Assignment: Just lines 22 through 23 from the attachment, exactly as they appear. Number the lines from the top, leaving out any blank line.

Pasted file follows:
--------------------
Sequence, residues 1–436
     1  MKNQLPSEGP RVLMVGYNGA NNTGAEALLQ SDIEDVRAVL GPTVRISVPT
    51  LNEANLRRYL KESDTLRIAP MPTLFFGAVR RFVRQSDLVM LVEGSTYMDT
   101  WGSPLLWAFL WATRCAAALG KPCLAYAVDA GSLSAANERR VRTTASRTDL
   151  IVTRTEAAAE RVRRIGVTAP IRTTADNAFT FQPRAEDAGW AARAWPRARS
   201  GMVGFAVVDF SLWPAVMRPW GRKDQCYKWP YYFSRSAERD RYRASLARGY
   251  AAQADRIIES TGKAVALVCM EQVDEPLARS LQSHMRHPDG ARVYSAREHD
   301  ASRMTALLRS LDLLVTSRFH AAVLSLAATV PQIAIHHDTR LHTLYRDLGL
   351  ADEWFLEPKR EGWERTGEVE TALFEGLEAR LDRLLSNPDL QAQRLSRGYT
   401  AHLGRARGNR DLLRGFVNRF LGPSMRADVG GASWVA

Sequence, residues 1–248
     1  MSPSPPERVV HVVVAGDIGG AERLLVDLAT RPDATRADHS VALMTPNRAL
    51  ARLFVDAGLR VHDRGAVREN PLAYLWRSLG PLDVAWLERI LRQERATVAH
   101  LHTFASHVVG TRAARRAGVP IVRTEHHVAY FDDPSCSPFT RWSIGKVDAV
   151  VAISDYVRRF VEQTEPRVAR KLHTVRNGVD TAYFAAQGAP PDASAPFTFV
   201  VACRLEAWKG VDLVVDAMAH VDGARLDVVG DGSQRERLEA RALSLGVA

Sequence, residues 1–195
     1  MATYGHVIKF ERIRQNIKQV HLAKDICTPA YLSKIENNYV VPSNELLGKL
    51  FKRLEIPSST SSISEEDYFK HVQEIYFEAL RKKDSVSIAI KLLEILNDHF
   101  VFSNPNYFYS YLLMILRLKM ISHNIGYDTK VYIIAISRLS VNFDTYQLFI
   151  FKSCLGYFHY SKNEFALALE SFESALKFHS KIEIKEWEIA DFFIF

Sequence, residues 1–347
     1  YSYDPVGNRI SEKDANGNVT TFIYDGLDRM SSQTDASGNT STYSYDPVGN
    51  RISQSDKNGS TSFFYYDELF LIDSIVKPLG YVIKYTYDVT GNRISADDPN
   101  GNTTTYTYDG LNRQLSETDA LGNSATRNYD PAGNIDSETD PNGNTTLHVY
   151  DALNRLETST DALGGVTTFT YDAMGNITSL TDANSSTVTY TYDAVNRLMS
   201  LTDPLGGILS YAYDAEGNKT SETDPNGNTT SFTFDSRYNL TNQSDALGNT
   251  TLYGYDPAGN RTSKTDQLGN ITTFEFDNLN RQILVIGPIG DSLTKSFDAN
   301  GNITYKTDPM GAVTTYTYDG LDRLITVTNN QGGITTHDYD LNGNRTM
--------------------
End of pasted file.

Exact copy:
Sequence, residues 1–347
     1  YSYDPVGNRI SEKDANGNVT TFIYDGLDRM SSQTDASGNT STYSYDPVGN